Evidence #205 | June 17, 2021

Filled with the Holy Ghost

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Scripture Central


Jesus’ promise that those who hunger and thirst after righteousness would be filled with the Holy Ghost reflects the ancient Semitic background of the Sermon on the Mount and the Sermon at the Nephite temple.

The prominent Lutheran leader and New Testament scholar Krister Stendahl was once invited by Latter-day Saint Truman Madsen to read and comment on the teachings of Jesus in the Sermon at the Temple in 3 Nephi. Stendahl graciously provided an insightful discussion on the subject which was subsequently published in a collection of essays written by others entitled Reflections on Mormonism.1 In his article, Stendahl took note of 3 Nephi 12:6, which parallels Jesus’ words in the New Testament, “Blessed are they which do hunger and thirst after righteousness: for they shall be filled” (Matthew 5:6). In the account of Jesus’ words to the people of Nephi following His resurrection, the passage adds the phrase “with the Holy Ghost.”2 Stendahl thought that the additional phrase seemed out of place:

The Greek word behind filled is chortazo, which means “fill the stomach,” as one fills the stomach of animals, not “fill up” in the sense pleroo, which is the biblical term for being filled with the Holy Spirit. it is rather unnatural to use the Greek chortazo for making the addition “with the Holy Spirit.”3

Sermon on the Mount. Image via churchofjesuschrist.org. 

John W. Welch in a study published in 1990, observed that while the word chortazo (which means to be physically filled), is not found in the New Testament text of Jesus’ sermon, the use of the phrase “filled with the Holy Ghost” in 3 Nephi reflects the Hebrew background of the Sermon on the Mount.

The promise of Jesus, that those who hunger and thirst after “righteousness” (dikaiosunen) shall be filled (chortasthesontai), is closely related to the last two verses of Psalm 17 in the Greek Septuagint (the “LXX”), a rarely mentioned text that Stendahl apparently overlooked. The Psalm contrasts the filling (echortasthesan) of the stomach in uncleanliness with beholding the face of God in righteousness (dikaiosune): “I shall be satisfied [chortasthesomai] when I awake, with thy likeness” (Psalm 17:15). Here the word chortazo is used to describe one’s being filled with the Spirit and being satisfied by beholding the righteousness of God. … Jesus’ New Testament audience would have recognized his allusion to these words in the Psalm, a passage that would have been quite familiar to them.4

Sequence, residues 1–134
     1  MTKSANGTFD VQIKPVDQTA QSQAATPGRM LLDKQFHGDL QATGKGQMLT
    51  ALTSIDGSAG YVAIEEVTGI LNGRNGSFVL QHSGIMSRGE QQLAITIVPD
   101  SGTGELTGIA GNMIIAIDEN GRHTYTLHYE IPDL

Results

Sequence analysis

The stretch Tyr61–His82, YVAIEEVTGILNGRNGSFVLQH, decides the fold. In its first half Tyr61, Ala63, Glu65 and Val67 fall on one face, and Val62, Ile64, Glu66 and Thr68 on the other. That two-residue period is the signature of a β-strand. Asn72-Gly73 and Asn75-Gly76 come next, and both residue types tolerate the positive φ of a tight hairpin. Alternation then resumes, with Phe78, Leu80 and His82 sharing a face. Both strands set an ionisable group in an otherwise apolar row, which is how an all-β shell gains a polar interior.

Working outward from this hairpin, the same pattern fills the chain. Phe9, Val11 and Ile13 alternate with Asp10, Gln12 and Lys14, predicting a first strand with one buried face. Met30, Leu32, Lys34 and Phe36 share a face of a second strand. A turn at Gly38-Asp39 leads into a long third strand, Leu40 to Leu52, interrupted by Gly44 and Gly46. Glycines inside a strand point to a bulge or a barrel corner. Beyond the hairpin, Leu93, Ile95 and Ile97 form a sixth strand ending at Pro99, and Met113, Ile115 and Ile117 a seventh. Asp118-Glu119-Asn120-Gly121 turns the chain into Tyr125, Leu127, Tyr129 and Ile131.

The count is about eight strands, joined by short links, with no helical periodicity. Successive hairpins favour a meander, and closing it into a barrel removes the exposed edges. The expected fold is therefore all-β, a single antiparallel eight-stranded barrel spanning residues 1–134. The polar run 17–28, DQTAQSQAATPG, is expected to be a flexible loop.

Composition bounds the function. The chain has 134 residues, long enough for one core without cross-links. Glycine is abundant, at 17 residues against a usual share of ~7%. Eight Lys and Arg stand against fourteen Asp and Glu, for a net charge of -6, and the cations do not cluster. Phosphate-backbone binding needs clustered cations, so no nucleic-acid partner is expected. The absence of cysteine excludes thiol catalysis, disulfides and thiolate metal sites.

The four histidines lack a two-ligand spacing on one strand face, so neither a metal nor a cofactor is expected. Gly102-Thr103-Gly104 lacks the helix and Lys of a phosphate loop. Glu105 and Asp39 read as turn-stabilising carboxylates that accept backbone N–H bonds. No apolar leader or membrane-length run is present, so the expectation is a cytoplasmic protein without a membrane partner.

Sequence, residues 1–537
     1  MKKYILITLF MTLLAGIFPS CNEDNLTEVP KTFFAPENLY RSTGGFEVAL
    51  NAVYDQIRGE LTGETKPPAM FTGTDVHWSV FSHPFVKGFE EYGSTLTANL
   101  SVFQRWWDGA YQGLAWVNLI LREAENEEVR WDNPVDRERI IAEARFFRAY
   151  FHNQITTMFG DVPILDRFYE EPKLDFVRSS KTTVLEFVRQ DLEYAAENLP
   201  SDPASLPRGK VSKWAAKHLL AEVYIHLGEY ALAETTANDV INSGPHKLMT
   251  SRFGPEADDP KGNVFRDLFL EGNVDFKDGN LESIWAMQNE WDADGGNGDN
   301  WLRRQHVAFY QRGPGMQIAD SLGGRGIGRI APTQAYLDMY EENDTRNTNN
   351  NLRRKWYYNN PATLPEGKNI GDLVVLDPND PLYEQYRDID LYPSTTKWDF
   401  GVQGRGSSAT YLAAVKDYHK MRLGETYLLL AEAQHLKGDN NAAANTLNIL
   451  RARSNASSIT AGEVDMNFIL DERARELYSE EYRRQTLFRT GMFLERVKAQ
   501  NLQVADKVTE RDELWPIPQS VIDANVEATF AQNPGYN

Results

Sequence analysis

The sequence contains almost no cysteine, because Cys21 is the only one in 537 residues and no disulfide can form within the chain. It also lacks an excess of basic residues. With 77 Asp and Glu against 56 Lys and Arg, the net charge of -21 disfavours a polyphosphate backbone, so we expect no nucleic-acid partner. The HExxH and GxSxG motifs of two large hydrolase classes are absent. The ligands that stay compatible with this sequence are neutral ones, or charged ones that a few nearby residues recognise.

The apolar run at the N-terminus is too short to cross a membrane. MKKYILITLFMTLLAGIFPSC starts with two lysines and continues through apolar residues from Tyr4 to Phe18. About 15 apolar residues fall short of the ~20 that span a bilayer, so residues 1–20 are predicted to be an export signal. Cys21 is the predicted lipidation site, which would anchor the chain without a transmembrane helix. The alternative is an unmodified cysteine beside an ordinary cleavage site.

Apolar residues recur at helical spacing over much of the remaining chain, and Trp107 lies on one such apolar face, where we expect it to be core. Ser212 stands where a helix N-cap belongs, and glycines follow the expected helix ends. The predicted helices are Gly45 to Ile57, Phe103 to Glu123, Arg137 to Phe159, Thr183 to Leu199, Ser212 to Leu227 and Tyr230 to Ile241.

The promise of the resurrected Jesus made in the Nephite temple that those who hunger and thirst after righteousness would be filled with the Holy Ghost is noteworthy in light of the apparent connection between Matthew 5:6 and Psalms 17:15, where the psalmist also used a term for being physically filled in the rare context of being spiritually filled by beholding the face of God.5 And yet the connection, though appropriate, was not an obvious one, as the comment of even a worthy Christian scholar such as Stendahl shows to be the case. It seems even more unlikely that this would have been surmised by an unlearned man in 1830 such as Joseph Smith. This unexpected textual evidence, which most readers would never have otherwise considered, provides a surprising but welcome example of the ancient Semitic background of the words of Jesus in the Book of Mormon.

Christ Appears in Americas, by Andrew Bosley. Image via churchofjesuschrist.org. 


John W. Welch, The Sermon on the Mount in Light of the Temple (Farnham, Surrey, England: Ashgate, 2009), 52–53.

John W. Welch, Illuminating the Sermon at the Temple and the Sermon on the Mount (Provo, UT: FARMS, 1999), 151–177.

John W. Welch, The Sermon at the Temple and the Sermon on the Mount: A Latter-day Saint Approach (Deseret Book and FARMS, 1990), 113–129.

BiblePsalms 17:15Matthew 5:6Book of Mormon3 Nephi 12:6


Psalms 17:15

Matthew 5:6

Book of Mormon

3 Nephi 12:6

Literary Features
Book of Mormon

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